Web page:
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It is to take the global community at least 267 years, down from 257 years last year, to close the gender gap in economic participation and opportunity as the Covid-19 pandemic threw a spanner in the works by enforcing the shelving of gender equality for more pressing matters of survival and adaptation being prioritised.
According to PriceWaterhouse Coopers’s (PwC) 13th edition of the Executive directors’: Practices and remuneration trends report, although South Africa scored high for the political emancipation of women, ranking 14th, it ranked 92 in terms of economic participation and opportunity, and 131 for wage equality for similar work.
The report indicated that boards were still lacking in gender diversity at senior levels, with year-on-year figures on female representation remaining stagnant.
“We are seeing a marked increase around the communication of commitments to diversity and inclusion, but progress appears to be slow. In addition, Covid-19 has set us back, with more pressing matters of survival and adaptation being prioritised, often at the expense of what are considered to be ‘slow-burn’ issues such as diversity,” said Anastacia Tshesane, Transformation, Diversity & Inclusion Leader for PwC Southern Africa.
Although there has been an increase in the proportion of skilled women and wage equality, albeit at a slower pace, there is still a persistent lack of women in leadership positions.
From a gender pay gap perspective, the gap is most pronounced in medium-cap companies, with a gender pay gap of 46 percent observed at the median and 51 percent at the upper quartile, with a smaller pay gap observed in small-cap companies with gaps of 27 percent and 30 percent observed respectively at the median and upper quartile.
The report shows that women continue to remain a minority on boards, with less than a fifth of the JSE executive director grouping at 13 percent. This observation is more striking at chief executive level, where female representation is 5 percent.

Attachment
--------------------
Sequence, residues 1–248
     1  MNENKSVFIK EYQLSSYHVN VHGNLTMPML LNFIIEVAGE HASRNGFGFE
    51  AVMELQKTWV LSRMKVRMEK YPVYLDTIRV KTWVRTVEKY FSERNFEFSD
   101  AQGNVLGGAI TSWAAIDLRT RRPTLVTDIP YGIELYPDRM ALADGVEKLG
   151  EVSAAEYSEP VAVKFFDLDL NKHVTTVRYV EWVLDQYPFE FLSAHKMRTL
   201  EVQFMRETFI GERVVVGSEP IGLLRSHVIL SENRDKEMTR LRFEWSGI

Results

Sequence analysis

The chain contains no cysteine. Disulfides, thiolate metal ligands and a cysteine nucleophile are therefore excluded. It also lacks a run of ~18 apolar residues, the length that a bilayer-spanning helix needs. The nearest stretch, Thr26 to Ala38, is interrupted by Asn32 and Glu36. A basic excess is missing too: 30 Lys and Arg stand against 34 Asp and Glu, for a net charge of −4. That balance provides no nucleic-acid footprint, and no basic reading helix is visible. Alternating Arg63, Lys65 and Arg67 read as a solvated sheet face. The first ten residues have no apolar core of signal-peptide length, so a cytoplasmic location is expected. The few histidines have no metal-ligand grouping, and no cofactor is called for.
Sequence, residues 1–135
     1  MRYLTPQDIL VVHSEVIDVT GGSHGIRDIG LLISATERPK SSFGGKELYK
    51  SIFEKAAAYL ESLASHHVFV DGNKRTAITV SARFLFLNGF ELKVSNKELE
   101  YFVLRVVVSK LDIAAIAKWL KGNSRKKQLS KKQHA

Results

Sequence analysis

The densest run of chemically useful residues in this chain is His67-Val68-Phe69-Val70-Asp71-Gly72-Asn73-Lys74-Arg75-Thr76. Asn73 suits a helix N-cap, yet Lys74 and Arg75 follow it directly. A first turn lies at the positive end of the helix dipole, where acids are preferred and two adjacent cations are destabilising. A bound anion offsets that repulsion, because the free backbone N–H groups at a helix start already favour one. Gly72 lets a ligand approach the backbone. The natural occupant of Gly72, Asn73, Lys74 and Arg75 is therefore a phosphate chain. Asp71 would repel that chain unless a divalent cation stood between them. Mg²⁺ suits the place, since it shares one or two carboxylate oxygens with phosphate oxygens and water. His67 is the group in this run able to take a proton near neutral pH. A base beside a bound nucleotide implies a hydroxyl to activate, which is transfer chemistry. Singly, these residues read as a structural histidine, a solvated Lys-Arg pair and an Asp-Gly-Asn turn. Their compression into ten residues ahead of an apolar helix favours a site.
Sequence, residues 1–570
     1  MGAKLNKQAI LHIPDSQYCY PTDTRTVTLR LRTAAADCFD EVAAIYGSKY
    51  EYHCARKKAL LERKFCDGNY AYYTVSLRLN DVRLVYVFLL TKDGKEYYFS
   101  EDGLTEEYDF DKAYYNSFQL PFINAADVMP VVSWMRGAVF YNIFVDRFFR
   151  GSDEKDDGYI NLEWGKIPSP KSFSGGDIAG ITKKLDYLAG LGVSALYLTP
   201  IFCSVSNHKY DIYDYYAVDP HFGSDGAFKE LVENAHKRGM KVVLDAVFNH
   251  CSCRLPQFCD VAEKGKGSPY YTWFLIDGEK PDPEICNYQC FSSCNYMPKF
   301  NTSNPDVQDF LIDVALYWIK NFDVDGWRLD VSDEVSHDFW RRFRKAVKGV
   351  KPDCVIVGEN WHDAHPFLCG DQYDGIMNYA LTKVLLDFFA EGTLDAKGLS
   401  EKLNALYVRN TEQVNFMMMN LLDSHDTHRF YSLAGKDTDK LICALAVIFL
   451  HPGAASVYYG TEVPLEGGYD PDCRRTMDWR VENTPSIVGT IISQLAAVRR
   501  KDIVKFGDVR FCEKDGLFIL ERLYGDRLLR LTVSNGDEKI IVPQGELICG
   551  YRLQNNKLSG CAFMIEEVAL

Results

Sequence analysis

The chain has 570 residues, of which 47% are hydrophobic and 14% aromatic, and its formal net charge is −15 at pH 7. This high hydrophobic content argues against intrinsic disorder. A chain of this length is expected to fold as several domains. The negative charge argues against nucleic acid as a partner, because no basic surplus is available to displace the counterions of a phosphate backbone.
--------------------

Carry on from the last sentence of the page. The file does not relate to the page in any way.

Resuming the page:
“It is notable that despite discussion and debates on gender diversity and equity pay, the recent amendments to the Companies Act do not make any provision for disclosure on the gender pay gap. The amendments only introduce mandatory reporting of the income gap between the highest paid and the lowest paid employees within a company,” said Makhosazana Mabaso, an associate director in PwC’s People and Organisation division.
Within South Africa, there is a renewed focus on transparency, trust and improved disclosure.
PwC said very few companies made disclosures in their integrated reports that set out the gender pay gap and the steps they were taking to close the gaps, noting that some countries including Norway and the UK had adopted mandatory quotas to increase the participation of women on boards.
For its part, PwC recently unveiled the New Equation, a landmark global strategy in response to fundamental changes in the world, including technological disruption, climate change, fractured geopolitics, and the continuing effects of the Covid-19 pandemic.
The New Equation focuses on two interconnected needs that clients face in the coming years.
The strategy prioritises building trust, which has never been more important, nor more difficult as organisations need to earn trust across a wide range of topics that are important to their stakeholders.
It also seeks to deliver sustained outcomes in an environment where competition and the risk of disruption are more intense than ever and societal expectations even bigger.